Annual Boat Budget Plan and How to Save Money


Prepare a budget plan to avoid overlooking hidden costs.

A lot of people today jump at the chance of buying a boat since it can provide them with some peaceful recreational time alone or with their family and friends.


 However, the fact is that you might be able to buy a boat but you may not be in a position to maintain its upkeep for a long time.


So, before you make the decision of getting a boat, you carefully need to consider all the costs associated with it and make a budget in order to ensure that you can actually afford a boat.

What Kinds of Costs Should Be Considered?

Simply put, there are two types of costs you need to consider when you are purchasing a boat; one-time and on-going costs. One-time costs are easier to understand since they include the actual purchase price of the boat and the customization costs incurred.

The continuing costs, however, can be much more complex in nature since they include a number of costs, most of them that the buyer is usually unaware of. The factors that usually contribute towards the price of boats are their sizes, the intended use and their location.

Many people who do get a boat by paying the initial cost upfront end up losing money or reselling it because they can’t afford to operate or maintain it. So, when you are making your boat budget, here are some costs you should consider:

  • Insurance
  • Maintenance
  • Fuel
  • Storage
  • Dockage or Mooring
  • Transportation
  • Hauling
  • Winterizing
  • Excise Tax
  • Cover
  • Marina or Yacht Club fee
  • Commissioning
  • Trailer Registration
  • Dinghy Storage
  • Registration and Documentation
  • Safety Equipment
  • Other Boating Equipment

For estimation’s sake, we could say that all these operational expenses in total would cost you at least 15% to 20% of the total value of your boat. However, there is a lot of control you have over how much you pay for your boat’s operations annually.

First, these costs rely on the size of the boat you pick. The bigger and more expensive your boat is, the more it will cost you to keep it operational. Moreover, bigger boats create issues with storage as well, which is the second controllable cost factor.

Boat Trailers can have Hidden Costs attached to them

If you decide to trailer your boat and do the maintenance work on your own, you will have a considerably lower operational cost. Another option is to keep your boat in the water where there is tender access and mooring but you still handle the maintenance work on your own. 

The last and most expensive option is to not only keep your boat in the water but also get it docked, maintained and stored by a professional boatyard service provider.

So, if you go for buying a 30-feet powerboat, the average annual expenses you can incur by trailering, DIY and dockyard storage would be around $3,500, $6,500 and $20,000 respectively.

If you go for a boat bigger than 30-feet, it would leave out the option of trailering since that cannot be applied to larger ships


Costs for fuel, insurance and several other expenses usually remain the same in all cases but costs like equipment, taxes and broker fees might vary from boat to boat. Then, if you want to make some customized changes to the boat, those one-time costs would be included with the initial purchase price as well.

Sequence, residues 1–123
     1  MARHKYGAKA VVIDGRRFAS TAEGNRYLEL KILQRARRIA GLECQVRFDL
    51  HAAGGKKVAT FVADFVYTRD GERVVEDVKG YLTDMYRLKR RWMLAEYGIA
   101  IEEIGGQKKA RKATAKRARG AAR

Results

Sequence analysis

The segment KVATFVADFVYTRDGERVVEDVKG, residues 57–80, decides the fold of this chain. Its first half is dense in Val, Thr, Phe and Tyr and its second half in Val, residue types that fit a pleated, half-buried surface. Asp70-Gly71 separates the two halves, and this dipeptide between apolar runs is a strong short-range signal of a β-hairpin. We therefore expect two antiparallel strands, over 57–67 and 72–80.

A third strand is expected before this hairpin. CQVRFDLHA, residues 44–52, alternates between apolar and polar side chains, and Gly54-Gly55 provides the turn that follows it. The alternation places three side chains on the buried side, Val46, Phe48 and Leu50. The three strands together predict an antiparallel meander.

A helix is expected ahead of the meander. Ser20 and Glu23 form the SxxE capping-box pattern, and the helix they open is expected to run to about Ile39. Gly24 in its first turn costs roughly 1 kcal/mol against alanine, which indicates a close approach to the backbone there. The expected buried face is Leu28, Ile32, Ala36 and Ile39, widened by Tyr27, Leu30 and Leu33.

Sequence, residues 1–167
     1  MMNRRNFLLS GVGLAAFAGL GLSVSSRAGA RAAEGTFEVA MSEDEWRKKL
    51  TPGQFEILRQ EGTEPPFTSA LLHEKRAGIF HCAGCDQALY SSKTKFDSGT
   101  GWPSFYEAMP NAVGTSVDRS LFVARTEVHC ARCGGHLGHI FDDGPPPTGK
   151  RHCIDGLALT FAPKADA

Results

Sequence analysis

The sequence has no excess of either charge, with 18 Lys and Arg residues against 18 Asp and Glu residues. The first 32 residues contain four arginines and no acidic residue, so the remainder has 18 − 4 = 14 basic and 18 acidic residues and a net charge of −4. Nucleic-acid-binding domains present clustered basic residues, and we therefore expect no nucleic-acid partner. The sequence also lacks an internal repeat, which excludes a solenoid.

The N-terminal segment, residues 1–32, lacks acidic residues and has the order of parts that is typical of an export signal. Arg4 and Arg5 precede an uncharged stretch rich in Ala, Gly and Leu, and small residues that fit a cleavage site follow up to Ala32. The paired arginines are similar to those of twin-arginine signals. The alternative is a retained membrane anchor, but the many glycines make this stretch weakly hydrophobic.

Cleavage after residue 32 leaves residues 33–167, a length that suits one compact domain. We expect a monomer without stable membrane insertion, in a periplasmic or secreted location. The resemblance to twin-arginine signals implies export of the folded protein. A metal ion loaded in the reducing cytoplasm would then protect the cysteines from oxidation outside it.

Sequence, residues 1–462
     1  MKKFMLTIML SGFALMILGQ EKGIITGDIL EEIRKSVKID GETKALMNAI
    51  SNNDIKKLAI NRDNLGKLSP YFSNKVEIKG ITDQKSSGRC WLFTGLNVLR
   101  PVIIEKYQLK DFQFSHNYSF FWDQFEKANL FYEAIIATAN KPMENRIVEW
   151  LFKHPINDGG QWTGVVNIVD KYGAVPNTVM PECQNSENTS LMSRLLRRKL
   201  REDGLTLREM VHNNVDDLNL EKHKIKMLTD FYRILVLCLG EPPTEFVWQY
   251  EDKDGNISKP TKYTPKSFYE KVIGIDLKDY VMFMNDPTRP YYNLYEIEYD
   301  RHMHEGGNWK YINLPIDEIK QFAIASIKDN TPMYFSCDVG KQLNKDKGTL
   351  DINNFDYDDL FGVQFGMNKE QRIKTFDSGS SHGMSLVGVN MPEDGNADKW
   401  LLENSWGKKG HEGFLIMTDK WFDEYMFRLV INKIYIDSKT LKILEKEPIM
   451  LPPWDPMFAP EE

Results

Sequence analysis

How to Save Money on Your Boat Operations

While all these operational costs do sound magnanimous, there are several ways you can control them to accommodate a tighter budget. Here are some tips to consider:

  1. The best way to save money on your boat’s operational costs is to do as much as you can on your own. If you think you can handle them, try to wrap up small repair and maintenance jobs on your own.

    You can also clean and polish your boat on your own quite easily, saving money would eventually pay to professional boat servicing companies.

  2. Another way to save money is to look for fuel and maintenance programs offered by marinas and yards. If you are a regular fuel customer at a marina, check for their frequent fuel programs that can help you reduce annual fuel costs.

    On the other hand, if you are a yard customer, you can ask them about their long-term maintenance programs. By becoming a member of a yacht club, you can enjoy benefits like launch services or visitor mooring and facilities in other harbors free of cost.

  3. If you are tempted to let the insurance go, you need to know that it is a necessary requirement of boatyards before you can store your boat there. However, you can get a reduced premium by negotiating the value, shopping for insurance policies carefully before getting one and by choosing your boat carefully.

    The better the condition of your boat, the more chances you will have of getting your insurance premium reduced.

After you have carefully planned out all these costs, and it turns out that you can afford them annually without ending up a financial pitfall, you can go ahead with your boat purchase.

The main thing you should remember is that most of these operating costs can be controlled if you are careful with how you are using your boat. Make sure you are not under-utilizing your boat to get the best value out of it.


Find the right boat or ship that fits you budget now!